Why Won’t Manchin And Sinema Endorse The Reconciliation Framework?

Sens. Joe Manchin (D-WV) and Kyrsten Sinema (D-AZ)
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October 29, 2021 12:31 p.m.

While negotiations over the reconciliation bill continue at an agonizingly slow pace, some major pieces fell into place this week. 

The number of outstanding issues has dropped precipitously. The biggest loose end as of Friday was fierce negotiations over the Medicare prescription drug negotiation proposal. Sen. Chris Murphy (D-CT) told reporters at the end of the day Thursday that the White House and Sen. Kyrsten Sinema (D-AZ) had arrived at an agreement that didn’t make its way into the framework, but that lawmakers including Sens. Bernie Sanders (I-VT) and Elizabeth Warren (D-MA) were pushing to make the proposal stronger. 

House progressives enthusiastically endorsed the framework, despite the fact that some were bitterly disappointed that certain programs were not included. They promised their votes when there’s legislative text, and when they have assurances — from President Joe Biden, or from public statements — that all 50 senators are on board with it.

Biden expressed confidence to House Democrats during a Thursday morning caucus meeting that the framework would get the support of all the Senate Democrats. 

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So why won’t Sinema and Sen. Joe Manchin (D-WV) endorse it? 

There’s been some weird dancing around the fact that both of them have been given ample opportunity to state clearly whether or not they support the framework, and are instead choosing to occupy a purposefully vague middle ground.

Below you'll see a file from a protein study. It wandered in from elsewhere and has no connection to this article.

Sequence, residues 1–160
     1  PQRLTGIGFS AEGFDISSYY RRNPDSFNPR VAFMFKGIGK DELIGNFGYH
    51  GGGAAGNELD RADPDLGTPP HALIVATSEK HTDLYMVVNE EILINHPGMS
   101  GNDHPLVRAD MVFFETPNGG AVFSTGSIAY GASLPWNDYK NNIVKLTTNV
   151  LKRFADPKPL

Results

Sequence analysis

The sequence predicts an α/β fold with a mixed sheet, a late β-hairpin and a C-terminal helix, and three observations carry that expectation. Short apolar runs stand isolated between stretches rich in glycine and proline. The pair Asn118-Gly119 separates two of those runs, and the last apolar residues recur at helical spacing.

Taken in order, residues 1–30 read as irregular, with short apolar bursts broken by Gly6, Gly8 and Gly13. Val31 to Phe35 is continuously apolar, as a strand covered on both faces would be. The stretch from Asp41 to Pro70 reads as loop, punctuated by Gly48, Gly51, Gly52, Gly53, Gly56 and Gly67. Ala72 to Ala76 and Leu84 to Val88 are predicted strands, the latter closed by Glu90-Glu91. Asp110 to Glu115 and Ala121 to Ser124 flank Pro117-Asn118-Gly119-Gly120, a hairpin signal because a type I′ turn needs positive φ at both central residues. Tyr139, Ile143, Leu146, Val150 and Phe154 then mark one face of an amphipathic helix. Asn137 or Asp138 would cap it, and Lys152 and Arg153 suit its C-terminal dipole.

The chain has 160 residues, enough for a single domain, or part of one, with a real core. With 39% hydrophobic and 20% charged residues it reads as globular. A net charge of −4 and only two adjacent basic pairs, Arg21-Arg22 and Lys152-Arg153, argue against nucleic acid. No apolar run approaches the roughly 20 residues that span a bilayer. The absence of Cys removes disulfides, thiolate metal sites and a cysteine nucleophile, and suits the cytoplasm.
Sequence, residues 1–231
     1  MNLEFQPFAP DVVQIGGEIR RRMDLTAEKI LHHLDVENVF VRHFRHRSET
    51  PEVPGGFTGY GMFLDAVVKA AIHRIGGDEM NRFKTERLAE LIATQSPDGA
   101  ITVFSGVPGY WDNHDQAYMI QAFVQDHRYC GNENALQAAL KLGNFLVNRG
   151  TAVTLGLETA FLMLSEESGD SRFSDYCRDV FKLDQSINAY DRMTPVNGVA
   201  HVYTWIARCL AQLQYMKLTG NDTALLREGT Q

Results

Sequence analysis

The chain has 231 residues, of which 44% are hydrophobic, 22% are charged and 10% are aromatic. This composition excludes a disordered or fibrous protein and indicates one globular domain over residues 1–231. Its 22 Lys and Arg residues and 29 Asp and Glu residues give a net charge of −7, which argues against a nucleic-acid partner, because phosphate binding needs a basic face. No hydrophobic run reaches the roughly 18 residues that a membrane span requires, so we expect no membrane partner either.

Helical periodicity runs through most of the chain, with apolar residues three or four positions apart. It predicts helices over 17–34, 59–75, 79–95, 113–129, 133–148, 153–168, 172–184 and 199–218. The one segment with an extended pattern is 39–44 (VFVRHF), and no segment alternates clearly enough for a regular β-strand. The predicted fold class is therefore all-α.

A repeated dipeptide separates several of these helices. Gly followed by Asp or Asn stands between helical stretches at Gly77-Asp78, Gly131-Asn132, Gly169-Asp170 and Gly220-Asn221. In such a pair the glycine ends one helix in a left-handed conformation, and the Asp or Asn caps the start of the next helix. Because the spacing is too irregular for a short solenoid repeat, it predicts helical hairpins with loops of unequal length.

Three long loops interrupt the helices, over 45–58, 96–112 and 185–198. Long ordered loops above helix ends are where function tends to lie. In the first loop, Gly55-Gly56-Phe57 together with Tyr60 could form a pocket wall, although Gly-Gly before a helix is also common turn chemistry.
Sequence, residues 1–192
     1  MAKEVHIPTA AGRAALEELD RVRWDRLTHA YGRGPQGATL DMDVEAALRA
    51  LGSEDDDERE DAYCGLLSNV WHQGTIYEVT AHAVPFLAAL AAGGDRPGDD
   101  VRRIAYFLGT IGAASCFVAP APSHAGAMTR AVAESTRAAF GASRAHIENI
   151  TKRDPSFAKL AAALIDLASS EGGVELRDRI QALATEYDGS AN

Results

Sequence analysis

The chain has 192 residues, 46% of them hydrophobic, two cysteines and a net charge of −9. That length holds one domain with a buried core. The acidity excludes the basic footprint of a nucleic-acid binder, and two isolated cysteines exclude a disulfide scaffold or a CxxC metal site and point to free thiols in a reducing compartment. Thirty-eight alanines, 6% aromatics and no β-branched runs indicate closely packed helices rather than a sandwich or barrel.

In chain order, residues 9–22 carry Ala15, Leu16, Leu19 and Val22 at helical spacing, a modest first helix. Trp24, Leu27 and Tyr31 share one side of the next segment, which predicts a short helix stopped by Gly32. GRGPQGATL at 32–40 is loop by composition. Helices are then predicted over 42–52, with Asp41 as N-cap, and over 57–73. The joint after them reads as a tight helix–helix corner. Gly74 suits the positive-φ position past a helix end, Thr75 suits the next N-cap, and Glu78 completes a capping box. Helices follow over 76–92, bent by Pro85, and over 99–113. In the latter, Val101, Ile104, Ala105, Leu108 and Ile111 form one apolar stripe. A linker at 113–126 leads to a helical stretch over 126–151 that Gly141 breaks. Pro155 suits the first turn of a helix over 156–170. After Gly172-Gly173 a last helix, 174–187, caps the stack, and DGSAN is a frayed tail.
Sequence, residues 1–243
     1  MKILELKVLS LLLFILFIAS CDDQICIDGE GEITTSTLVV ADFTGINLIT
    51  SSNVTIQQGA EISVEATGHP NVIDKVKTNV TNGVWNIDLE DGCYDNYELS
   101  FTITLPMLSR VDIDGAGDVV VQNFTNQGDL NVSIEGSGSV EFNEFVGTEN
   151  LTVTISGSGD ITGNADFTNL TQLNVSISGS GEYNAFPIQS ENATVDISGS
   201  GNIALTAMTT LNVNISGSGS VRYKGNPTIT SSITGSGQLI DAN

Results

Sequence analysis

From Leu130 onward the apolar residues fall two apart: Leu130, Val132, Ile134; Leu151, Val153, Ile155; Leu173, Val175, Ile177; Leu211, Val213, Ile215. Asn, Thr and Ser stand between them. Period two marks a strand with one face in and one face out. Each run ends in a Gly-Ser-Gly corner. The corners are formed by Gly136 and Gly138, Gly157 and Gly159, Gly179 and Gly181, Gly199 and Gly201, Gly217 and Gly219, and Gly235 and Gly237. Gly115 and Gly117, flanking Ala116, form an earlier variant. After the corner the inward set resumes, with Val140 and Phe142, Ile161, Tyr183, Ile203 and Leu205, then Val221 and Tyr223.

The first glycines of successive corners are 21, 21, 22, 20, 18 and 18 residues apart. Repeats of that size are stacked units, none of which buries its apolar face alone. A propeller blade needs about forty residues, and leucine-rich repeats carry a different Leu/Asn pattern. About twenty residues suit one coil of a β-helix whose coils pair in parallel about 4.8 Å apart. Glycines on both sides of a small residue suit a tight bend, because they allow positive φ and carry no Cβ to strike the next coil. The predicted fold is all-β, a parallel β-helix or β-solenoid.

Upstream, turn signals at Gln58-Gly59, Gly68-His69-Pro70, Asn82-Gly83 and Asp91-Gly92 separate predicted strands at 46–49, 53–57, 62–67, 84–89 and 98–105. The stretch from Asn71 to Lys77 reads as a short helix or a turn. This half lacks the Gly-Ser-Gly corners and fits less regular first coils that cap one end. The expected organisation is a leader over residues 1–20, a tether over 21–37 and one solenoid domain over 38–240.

“Having spoken to both of them in person within the last two hours, neither of them sees the point that somehow they’re insufficiently supportive,” Sen. Chris Coons (D-DE) told reporters Thursday. “They’re like, ‘I said it, I said this is something we should do, I’ve said this is a framework I can work with, I’ve said let’s get this done.’”

Manchin was flocked by reporters multiple times Thursday, all of whom were asking the same question: do you support the reconciliation framework? The most he’d give is saying that the $1.75 trillion topline was “negotiated,” making it sound like he was part of that decision. But who knows! Later Thursday, he put out a statement on Twitter saying as little as possible with two full tweets. 

Sinema, who has decided that it’s not a mandatory part of her job to talk to reporters, sent out a similarly vague statement Thursday morning. 

“After months of productive, good-faith negotiations with President Biden and the White House, we have made significant progress on the proposed budget reconciliation package,” she said. “I look forward to getting this done, expanding economic opportunities and helping everyday families get ahead.” Okay.

Neither of their offices responded to TPM’s request for clarification.

These two appear to relish their perch as party decision-makers. All 50 senators have the same veto power, but only these two have been using it repeatedly and ruthlessly. 

If they committed to the framework now, they’d lose that power and attention. There are also, to be fair, some still unsettled provisions, and negotiations are ongoing. And while the House Rules Committee has released a draft version of the legislation outlined by the framework, the Senate has yet to release its own version, which may have some differences. 

But until these two get behind the reconciliation outline, House progressives are not going to allow the bipartisan infrastructure plan — long sought by moderates — to pass. And that means yet more cycles in this seemingly never-ending groundhog day. 

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